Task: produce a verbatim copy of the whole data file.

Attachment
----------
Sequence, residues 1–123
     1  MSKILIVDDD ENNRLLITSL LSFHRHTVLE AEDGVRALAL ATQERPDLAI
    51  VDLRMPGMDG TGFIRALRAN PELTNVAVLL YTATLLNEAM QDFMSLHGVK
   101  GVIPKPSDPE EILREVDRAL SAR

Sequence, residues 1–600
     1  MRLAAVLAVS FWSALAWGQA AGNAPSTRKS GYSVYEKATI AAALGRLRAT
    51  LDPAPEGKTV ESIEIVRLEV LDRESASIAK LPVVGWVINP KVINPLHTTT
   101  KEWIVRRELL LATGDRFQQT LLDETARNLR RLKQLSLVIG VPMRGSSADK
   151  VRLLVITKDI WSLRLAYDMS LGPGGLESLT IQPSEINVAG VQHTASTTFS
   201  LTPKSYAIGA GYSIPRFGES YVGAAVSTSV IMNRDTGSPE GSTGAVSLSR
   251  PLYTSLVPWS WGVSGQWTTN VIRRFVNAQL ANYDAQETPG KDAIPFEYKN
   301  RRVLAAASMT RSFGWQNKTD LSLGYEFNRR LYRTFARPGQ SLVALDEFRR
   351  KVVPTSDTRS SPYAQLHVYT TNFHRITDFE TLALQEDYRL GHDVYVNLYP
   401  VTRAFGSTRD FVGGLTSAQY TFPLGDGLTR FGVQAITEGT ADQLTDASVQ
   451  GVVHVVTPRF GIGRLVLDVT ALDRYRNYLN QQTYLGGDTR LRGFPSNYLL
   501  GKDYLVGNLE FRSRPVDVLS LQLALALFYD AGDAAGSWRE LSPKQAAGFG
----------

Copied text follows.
Sequence, residues 1–123
     1  MSKILIVDDD ENNRLLITSL LSFHRHTVLE AEDGVRALAL ATQERPDLAI
    51  VDLRMPGMDG TGFIRALRAN PELTNVAVLL YTATLLNEAM QDFMSLHGVK
   101  GVIPKPSDPE EILREVDRAL SAR

Sequence, residues 1–600
     1  MRLAAVLAVS FWSALAWGQA AGNAPSTRKS GYSVYEKATI AAALGRLRAT
    51  LDPAPEGKTV ESIEIVRLEV LDRESASIAK LPVVGWVINP KVINPLHTTT
   101  KEWIVRRELL LATGDRFQQT LLDETARNLR RLKQLSLVIG VPMRGSSADK
   151  VRLLVITKDI WSLRLAYDMS LGPGGLESLT IQPSEINVAG VQHTASTTFS
   201  LTPKSYAIGA GYSIPRFGES YVGAAVSTSV IMNRDTGSPE GSTGAVSLSR
   251  PLYTSLVPWS WGVSGQWTTN VIRRFVNAQL ANYDAQETPG KDAIPFEYKN
   301  RRVLAAASMT RSFGWQNKTD LSLGYEFNRR LYRTFARPGQ SLVALDEFRR
   351  KVVPTSDTRS SPYAQLHVYT TNFHRITDFE TLALQEDYRL GHDVYVNLYP
   401  VTRAFGSTRD FVGGLTSAQY TFPLGDGLTR FGVQAITEGT ADQLTDASVQ
   451  GVVHVVTPRF GIGRLVLDVT ALDRYRNYLN QQTYLGGDTR LRGFPSNYLL
   501  GKDYLVGNLE FRSRPVDVLS LQLALALFYD AGDAAGSWRE LSPKQAAGFG